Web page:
Electronic-waste recycling: The cup runneth over

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Leave it to Oregon. The state where recycling is practically an article of religion is having headaches with its new electronic recycling law: Way too many old TVs, computers and monitors have flooded in since the law took effect in January.

Mind you, it’s a problem the state doesn’t mind having. The more the better, state officials say. But the biggest manufacturers group participating in the program, the Electronic Manufacturers Recycling Management Co., or MRM, wants to call a bit of a time-out.

Warning that e-waste will substantially exceed its state-mandated target if the stuff keeps coming in at the current rate, MRM said it will limit collections to designated network collection sites and won’t reimburse for e-waste collected at special events organized by neighborhoods, church groups or county cleanup events. In addition, the company is asking collectors to limit their promotions for e-waste recycling to signs designed by the Department of Environmental Quality.

Oregon has one of the most user-friendly e-waste programs in the country. Individuals can bring in up to seven items free of charge, while schools and businesses can bring in any number. Every county, and every city with more than 10,000 people, has a convenient collection site.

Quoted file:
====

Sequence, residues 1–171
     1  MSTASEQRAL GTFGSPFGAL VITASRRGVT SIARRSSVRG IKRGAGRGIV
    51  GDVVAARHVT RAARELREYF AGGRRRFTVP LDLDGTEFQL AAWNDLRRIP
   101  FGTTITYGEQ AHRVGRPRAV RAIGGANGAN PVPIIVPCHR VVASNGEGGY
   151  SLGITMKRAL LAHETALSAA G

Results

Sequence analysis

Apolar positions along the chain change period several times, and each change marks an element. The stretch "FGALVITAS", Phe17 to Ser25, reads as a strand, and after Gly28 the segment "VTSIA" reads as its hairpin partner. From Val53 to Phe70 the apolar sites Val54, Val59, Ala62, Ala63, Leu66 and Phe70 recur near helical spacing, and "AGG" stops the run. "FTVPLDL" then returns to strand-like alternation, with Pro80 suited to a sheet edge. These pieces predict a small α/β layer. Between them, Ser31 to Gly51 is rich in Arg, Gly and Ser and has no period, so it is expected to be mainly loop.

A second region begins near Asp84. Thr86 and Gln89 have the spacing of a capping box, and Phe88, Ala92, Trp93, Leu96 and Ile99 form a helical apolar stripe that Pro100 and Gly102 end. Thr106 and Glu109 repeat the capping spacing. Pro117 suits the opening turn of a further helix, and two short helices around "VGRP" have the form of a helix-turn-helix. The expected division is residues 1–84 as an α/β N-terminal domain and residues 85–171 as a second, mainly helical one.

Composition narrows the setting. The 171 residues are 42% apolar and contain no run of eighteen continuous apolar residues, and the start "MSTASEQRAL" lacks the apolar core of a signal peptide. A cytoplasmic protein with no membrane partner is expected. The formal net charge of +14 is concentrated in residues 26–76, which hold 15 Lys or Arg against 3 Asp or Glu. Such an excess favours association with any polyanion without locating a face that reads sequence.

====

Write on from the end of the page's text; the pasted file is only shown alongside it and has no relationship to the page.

Problems arose because the state agreed to a minimum target for the first year -- about 12 million pounds -- and manufacturers began planning around the minimum. ‘What’s happened is not surprising to many of us. Oregonians are big recyclers, and they’ve brought in a lot of material,’ said Loretta Pickerell, solid-waste manager at the Department of Environmental Quality.

The state plans to speak with manufacturers to make sure they’re not asked to do more than their share. ‘But the bottom line is in a product stewardship situation, the manufacturers need to work this out,’ Pickerell said.

‘MRM indicated they were trying to slow down collections, which is not allowed ... and they can’t require people to prove they own the device they bring in. That’s not free and convenient, which is what the law requires.’

The company can tell groups organizing big community collections that this is ‘above and beyond’ what the company contracted for, she said. ‘But they can’t take down the signs, pull shut the blinds and turn out the lights. They can’t do that kind of slowdown.’

MRM represents more than 20 major electronics manufacturers, including Panasonic, Toshiba and Sharp.

So far, 18 states including California, along with New York City, have passed laws requiring e-waste recycling. At least 15 other states are considering legislation this year.

-- Kim Murphy